Cam Collier hit his first professional home run on Saturday night and it wasn’t a cheapie, either. The 17-year-old left-handed hitter crushed a ball to center field off of the batters eye in Goodyear. Update: It turns out that the home run was estimated at 455 feet. From a 17-year-old in a professional game.
— Prospects Worldwide (@ProspectsWorldW) August 14, 2022
The home run came in the 1st inning of the game and gave the team the lead (they would ultimately lose 7-5 in extra innings). Collier, the Reds 1st round pick last month, picked up three more hits – all singles – and finished 4-4 on the night.
He’s now hitting .417/.563/.667 with three walks and three strikeouts in four games played out in Arizona. Collier is one of just three players in the league who are under 18-years-old (he’s the oldest of the three – he’s five days older than Anthony Gutierrez and two months and change older than Rosman Verdugo).
Fernando Cruz continues to dominate
It’s been a long journey, both in years and in travel for Fernando Cruz when it comes to professional baseball. Drafted in 2007 out of high school in Puerto Rico by the Royals, Cruz was originally a shortstop. He remained one through May of the 2011 season, but he never really developed at the plate, topping out in A-ball where he hit just .221/.263/.267 in 119 games. That’s when the Royals sent him back to their complex and he began to work as a pitcher. He struggled that first year, understandably. He struggled the next year, too, and after the 2012 season he was released. Over the next three winters he pitched in the Puerto Rican Winter League, but that seems to be the extent of his playing baseball – he was not playing anywhere in affiliated or in independent leagues as far as I can tell.
After posting a 1.52 ERA in the winter of 2014/2015, the Chicago Cubs signed him and he pitched for them for a season in the minors before electing free agency. He re-signed with them in the winter, but he was released at the end of spring training and would pitch in the Can-Am Association for New Jersey for the next two seasons before splitting the 2018 season between the Can-Am and Mexican League. In 2019 he only pitched in the winter league. The same held true in 2020. Then in 2021 he pitched in Mexico for both the summer and winter leagues, as well as in Puerto Rico in their winter league before signing with the Reds in February. It was his first chance in affiliated ball since 2015
He had a rough stretch from early to mid-June that raised his ERA up to 5.25 in Louisville. But since June 16th he’s been absolute nails for the Bats. Over the span of 20 games he’s allowed an earned run in just two of his appearances and has posted an ERA of 0.73 while covering 24.2 innings. The right-hander has given up just 15 hits and walked eight in that span while striking out 26 of the 100 batters he’s faced. Batters have hit just .169 against him in that stretch.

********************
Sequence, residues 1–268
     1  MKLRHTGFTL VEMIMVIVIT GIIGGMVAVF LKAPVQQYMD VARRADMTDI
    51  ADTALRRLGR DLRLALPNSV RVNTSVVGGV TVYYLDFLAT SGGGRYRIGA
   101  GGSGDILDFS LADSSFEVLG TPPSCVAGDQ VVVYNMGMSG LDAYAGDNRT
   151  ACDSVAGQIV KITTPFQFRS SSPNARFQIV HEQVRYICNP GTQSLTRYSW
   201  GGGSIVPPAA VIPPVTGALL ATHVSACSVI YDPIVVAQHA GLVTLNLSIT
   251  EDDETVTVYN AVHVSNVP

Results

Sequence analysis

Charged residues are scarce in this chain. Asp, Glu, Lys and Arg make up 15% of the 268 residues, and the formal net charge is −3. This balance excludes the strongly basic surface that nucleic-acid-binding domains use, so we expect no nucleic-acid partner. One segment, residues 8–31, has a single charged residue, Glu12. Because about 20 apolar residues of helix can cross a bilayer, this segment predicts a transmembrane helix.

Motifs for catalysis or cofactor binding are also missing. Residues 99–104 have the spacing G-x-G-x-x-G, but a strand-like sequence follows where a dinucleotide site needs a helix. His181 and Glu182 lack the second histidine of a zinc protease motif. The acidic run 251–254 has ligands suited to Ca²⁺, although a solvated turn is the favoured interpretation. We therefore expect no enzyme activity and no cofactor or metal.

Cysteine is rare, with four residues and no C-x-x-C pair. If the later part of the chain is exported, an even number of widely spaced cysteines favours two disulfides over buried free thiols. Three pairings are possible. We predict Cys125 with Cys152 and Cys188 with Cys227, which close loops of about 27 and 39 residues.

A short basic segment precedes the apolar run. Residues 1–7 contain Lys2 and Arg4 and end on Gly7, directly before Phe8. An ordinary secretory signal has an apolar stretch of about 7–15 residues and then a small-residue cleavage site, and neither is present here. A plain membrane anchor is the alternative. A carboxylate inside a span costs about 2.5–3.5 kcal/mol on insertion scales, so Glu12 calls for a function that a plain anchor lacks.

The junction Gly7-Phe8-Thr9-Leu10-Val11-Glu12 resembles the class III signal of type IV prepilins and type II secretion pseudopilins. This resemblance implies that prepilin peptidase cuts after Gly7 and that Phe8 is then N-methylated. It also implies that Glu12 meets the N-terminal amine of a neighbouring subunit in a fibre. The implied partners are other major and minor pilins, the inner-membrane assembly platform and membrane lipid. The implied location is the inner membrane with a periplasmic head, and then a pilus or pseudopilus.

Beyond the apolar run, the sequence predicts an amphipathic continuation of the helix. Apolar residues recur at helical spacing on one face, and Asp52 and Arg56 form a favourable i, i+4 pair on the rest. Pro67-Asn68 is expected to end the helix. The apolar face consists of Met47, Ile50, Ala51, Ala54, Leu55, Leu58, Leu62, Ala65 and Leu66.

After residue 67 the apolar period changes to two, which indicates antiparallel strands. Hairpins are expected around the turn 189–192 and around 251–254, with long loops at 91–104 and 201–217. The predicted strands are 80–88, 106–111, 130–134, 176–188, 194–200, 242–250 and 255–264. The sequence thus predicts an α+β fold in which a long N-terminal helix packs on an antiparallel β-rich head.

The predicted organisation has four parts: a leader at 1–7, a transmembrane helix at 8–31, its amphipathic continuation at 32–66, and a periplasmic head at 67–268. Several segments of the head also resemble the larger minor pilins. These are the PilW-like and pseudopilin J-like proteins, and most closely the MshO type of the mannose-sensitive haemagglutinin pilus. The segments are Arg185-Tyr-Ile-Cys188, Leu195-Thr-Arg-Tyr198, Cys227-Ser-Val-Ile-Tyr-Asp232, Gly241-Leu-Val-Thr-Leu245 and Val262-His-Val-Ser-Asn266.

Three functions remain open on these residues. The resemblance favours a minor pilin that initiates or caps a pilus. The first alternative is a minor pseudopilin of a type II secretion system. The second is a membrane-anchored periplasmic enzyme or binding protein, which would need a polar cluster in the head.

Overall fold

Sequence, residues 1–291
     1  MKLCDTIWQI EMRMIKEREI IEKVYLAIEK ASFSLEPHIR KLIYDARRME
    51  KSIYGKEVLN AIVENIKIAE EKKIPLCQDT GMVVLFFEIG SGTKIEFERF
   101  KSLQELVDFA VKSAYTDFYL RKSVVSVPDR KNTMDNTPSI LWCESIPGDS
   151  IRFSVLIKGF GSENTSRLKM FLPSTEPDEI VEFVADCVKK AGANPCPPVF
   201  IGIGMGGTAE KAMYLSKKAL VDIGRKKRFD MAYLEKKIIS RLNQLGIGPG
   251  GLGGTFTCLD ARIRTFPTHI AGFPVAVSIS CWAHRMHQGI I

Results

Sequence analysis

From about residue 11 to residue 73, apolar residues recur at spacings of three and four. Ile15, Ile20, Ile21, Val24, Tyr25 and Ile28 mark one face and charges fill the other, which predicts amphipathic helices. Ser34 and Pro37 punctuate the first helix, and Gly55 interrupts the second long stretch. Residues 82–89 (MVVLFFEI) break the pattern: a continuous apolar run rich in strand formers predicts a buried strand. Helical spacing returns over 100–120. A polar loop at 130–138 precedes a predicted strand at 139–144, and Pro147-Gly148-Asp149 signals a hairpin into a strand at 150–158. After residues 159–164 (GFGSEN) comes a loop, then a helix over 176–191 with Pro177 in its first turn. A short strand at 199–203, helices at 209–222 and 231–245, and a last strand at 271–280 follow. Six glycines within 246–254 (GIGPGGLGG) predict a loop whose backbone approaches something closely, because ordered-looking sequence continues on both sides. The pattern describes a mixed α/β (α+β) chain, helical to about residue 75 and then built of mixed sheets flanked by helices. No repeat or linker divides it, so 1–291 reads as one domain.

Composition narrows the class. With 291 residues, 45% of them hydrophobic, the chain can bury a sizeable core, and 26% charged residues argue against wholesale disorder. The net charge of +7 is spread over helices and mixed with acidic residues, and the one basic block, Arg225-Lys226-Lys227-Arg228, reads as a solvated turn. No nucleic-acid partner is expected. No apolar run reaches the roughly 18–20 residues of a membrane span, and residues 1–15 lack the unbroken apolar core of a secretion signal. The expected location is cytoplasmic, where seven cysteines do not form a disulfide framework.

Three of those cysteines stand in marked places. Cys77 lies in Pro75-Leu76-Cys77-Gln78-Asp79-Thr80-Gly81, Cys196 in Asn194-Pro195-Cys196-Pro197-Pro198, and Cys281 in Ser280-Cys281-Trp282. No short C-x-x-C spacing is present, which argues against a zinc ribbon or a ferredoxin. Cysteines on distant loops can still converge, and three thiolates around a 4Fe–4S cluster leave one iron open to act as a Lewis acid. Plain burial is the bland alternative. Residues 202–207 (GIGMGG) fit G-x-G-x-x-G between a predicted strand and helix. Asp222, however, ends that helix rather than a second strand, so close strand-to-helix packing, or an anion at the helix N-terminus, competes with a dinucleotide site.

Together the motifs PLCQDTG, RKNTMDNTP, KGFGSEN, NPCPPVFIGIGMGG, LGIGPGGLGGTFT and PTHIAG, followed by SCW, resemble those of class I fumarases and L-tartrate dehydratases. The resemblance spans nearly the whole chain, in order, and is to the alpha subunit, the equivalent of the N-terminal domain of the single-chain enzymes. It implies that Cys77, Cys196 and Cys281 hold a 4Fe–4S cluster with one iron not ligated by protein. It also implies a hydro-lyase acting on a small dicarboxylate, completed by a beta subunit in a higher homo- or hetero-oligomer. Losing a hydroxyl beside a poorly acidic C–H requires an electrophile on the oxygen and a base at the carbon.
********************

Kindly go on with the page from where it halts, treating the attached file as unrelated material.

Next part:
In the not-so-distant past, a guy like Fernando Cruz may have been far more likely to get a call up in September when teams could call up 40 players if they wanted to actually do that. With roster limits in September now limited to just 28 players, it’s far less likely that it could happen. With that said, it would be a heck of a story for it to happen, and if we’re being completely honest – he’s earned it, too. He’s outperformed just about every pitcher that’s currently in Triple-A with Louisville, including those who are on the 40-man roster.
Chris Okey released
The Cincinnati Reds released catcher Chris Okey on Saturday afternoon. It’s tough to make much sense of how the year has gone for the Reds and Okey. Back in June when the Reds needed a catcher to come up to the big leagues, despite having guys available on the 40-man roster who they could have called up, they opted to add Okey to the 40-man roster and call him up. He was hitting better than the other options at the time, so it wasn’t the craziest idea, but after less than three weeks he was sent back to Triple-A and a week later he was designated for assignment. He cleared waivers and was sent to Triple-A where he remained for the last six weeks.
The timeline of “he’s good enough to add to the 40-man roster over just calling up a guy in Triple-A that’s already on the 40-man roster” to 10 weeks later being outright released during an active season is tough to figure out.